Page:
2016_09_29_nosource

Toggling View > Extras, hides the sampling point icon while cloning and healing.

Note, the first time you use this shortcut on the Mac, Photoshop will display a dialog asking “Would you like to use Command + H to hide Photoshop (Mac standard), or to hide/show selections, guides, etc. (Photoshop traditional)? Click “Hide Extras” unless you want to “Hide Photoshop” every time you use the shortcut. If you do choose to “Hide Photoshop”, you can change this behavior later by choosing Edit > Keyboard Shortcuts. Set the “Shortcuts For” to Application Menus and toggle the disclosure triangle for the View menu. Scroll down to Extras, change the Shortcut back to Command + H and click Accept and then OK.

Often when using the Clone Stamp tool, I would also unchecked the Show Overlay option in the Clone Stamp panel (this hides the preview of the source content in the brush preview). Holding Option + Shift (Mac) | Alt + Shift (Win) to temporarily display the overlay when you need to see it.

5:22 AM Permalink
June 27, 2016

Preference for Legacy Healing Brush In Photoshop CC 15.5

Photoshop CC 2015 introduced a new real-time healing brush algorithm. However, if you prefer the behavior of the older healing brush algorithm you can now use Preferences > Tools > Use Legacy Healing Algorithm for the Healing Brush to return to the previous behavior.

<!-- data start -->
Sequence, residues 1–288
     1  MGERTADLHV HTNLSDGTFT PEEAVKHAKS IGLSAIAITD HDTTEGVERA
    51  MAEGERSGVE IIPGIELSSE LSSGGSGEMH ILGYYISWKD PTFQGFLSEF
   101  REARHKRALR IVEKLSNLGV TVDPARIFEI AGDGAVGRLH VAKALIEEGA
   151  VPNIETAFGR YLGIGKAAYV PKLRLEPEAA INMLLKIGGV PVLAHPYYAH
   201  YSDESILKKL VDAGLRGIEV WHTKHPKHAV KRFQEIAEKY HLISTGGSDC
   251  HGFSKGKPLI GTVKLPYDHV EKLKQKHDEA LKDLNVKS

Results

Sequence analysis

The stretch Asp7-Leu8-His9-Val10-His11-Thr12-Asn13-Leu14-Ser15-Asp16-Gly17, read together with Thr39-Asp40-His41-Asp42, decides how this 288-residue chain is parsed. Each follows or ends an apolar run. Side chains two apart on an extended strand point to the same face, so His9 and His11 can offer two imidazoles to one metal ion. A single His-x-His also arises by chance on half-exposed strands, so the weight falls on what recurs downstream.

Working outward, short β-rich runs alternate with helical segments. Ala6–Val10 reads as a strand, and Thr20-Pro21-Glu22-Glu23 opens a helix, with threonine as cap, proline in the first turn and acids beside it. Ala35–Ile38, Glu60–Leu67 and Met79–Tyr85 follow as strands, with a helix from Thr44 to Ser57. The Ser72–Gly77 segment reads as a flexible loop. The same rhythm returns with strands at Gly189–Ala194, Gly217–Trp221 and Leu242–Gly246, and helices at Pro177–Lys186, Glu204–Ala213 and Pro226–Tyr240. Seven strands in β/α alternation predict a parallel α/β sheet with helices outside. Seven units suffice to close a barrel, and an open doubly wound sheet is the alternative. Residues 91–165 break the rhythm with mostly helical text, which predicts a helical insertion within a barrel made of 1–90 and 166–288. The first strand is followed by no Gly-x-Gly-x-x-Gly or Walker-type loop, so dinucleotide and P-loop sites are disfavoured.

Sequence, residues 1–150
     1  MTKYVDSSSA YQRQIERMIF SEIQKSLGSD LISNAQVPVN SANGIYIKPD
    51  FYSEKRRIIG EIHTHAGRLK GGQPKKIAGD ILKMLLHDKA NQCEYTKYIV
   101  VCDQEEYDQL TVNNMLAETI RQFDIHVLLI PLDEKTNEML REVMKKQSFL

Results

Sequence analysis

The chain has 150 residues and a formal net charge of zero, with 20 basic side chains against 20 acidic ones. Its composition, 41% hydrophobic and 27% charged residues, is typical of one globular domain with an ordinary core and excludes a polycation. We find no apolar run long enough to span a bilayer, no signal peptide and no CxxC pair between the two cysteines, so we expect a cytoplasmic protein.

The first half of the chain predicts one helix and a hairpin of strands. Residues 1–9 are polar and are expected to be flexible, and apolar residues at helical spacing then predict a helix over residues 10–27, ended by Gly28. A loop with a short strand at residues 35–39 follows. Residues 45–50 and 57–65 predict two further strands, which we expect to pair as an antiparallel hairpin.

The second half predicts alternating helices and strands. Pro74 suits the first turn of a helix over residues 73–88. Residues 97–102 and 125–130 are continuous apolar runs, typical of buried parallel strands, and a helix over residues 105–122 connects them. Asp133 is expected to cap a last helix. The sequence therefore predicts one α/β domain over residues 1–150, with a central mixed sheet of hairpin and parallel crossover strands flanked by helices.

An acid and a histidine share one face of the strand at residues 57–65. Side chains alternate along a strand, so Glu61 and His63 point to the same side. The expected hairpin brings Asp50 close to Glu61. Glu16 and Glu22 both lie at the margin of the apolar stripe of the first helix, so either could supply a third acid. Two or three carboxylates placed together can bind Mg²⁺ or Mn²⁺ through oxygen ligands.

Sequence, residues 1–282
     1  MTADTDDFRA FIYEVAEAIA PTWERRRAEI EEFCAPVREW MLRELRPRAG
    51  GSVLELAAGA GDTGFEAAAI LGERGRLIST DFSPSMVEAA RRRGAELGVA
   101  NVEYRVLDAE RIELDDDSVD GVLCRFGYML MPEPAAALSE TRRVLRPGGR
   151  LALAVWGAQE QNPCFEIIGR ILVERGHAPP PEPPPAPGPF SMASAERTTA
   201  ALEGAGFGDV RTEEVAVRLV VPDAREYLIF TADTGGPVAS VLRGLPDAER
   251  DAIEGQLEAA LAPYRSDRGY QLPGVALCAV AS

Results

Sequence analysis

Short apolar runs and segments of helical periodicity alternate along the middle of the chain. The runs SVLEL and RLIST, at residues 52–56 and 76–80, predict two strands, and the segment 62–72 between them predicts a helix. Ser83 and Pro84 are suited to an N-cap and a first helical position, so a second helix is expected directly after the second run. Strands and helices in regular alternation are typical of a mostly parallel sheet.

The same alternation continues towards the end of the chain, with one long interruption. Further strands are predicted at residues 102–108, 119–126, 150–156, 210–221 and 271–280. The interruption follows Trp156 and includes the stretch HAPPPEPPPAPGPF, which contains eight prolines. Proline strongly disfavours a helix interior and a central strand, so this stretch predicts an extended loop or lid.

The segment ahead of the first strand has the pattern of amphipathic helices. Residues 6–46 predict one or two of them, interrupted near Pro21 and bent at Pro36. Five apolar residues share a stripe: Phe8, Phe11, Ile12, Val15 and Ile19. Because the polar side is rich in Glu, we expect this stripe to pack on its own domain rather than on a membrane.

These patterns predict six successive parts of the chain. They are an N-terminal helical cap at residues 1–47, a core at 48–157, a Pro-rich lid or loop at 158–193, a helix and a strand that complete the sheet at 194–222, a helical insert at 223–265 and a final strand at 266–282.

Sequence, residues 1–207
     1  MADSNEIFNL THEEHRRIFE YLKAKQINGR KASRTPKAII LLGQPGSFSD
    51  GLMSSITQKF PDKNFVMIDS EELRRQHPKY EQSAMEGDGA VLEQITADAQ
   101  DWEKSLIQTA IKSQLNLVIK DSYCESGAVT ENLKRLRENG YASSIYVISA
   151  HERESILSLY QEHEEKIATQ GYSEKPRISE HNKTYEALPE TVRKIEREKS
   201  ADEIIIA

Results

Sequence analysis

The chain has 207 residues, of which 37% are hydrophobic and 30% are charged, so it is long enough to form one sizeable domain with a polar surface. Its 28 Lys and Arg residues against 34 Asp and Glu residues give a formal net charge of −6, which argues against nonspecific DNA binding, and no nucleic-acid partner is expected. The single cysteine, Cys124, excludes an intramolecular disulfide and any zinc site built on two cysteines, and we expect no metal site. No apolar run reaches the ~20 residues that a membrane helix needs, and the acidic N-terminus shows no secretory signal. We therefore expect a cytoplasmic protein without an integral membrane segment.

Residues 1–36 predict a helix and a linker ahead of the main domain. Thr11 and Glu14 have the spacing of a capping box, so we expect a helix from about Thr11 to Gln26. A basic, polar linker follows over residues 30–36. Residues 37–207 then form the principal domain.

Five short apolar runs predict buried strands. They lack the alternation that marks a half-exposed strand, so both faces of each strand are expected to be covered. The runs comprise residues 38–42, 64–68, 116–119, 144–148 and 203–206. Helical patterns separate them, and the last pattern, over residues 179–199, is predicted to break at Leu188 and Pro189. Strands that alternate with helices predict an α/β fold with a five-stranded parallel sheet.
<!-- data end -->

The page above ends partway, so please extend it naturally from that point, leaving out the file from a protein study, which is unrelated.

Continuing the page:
5:08 AM Permalink
November 23, 2015

Heal and Clone Between Documents in Photoshop

You can use the Healing Brush and Clone Stamp tools between two open documents: Option (Mac) / Alt (Win) -click in the source document and then clone in the destination document.

5:45 AM Permalink
September 3, 2010

Painting Straight Lines

To paint a straight line, hold the shift key while dragging a stroke. Or, click once with a painting tool, then release the mouse, hold the shift key and click again to draw a straight line between the two points.

5:32 AM Permalink
May 18, 2010

Panel Icons Displayed in Options Bar

PSCS5 – The painting tools which have panels associated with them, display the associated panel’s icon is next to the Tool Preset Picker in the Option bar (in previous versions the icon was located to the far right). For example, with the Brush tool selected clicking on the Brush Panel icon quickly toggles the Brush on/off. Similarly, with the Healing Brush Tool, clicking the Clone Source icon will toggle the Clone Source Panel on/off.

5:04 AM Permalink
November 13, 2009

Heal and Clone Stamp to Multiple Layers

For added flexibility, use the Healing Brush and Clone Stamp tools to clone to blank layers by checking Sample “All Layers” in the Options bar. In addition, you can choose to Sample the “Current & Below” layers. This can be extremely helpful when cloning image layers and adjustment layer information simultaneously.

6:41 AM Permalink
November 12, 2009

Heal and Clone Between Documents

You can use the Healing brush and Clone Stamp tools between two open documents: Option (Mac) / Alt (Win) -click in the source document and then clone in the destination document.

5:38 AM Permalink
November 11, 2009

Healing Brush and Replace Mode

Using the Healing brush with the blending mode set to Replace makes it behave like the Clone Stamp tool (in that it doesn’t automatically try to blend color or tonality of the source and destination), with one advantage: if you’re trying to clone high frequency image information, the edges of the cloned area will not appear soft as they do with the Clone Stamp tool.

6:35 AM Permalink